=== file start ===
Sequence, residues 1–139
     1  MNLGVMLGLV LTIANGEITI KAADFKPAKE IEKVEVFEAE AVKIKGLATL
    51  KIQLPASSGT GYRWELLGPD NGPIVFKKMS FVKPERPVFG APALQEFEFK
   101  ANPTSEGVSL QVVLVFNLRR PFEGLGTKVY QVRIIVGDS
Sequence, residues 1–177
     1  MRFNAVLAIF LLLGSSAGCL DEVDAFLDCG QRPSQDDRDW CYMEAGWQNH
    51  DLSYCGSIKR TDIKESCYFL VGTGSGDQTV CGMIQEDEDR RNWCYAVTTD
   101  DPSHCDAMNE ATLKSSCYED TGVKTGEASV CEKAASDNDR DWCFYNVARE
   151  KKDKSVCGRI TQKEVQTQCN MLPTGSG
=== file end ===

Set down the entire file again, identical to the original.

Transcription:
Sequence, residues 1–139
     1  MNLGVMLGLV LTIANGEITI KAADFKPAKE IEKVEVFEAE AVKIKGLATL
    51  KIQLPASSGT GYRWELLGPD NGPIVFKKMS FVKPERPVFG APALQEFEFK
   101  ANPTSEGVSL QVVLVFNLRR PFEGLGTKVY QVRIIVGDS
Sequence, residues 1–177
     1  MRFNAVLAIF LLLGSSAGCL DEVDAFLDCG QRPSQDDRDW CYMEAGWQNH
    51  DLSYCGSIKR TDIKESCYFL VGTGSGDQTV CGMIQEDEDR RNWCYAVTTD
   101  DPSHCDAMNE ATLKSSCYED TGVKTGEASV CEKAASDNDR DWCFYNVARE
   151  KKDKSVCGRI TQKEVQTQCN MLPTGSG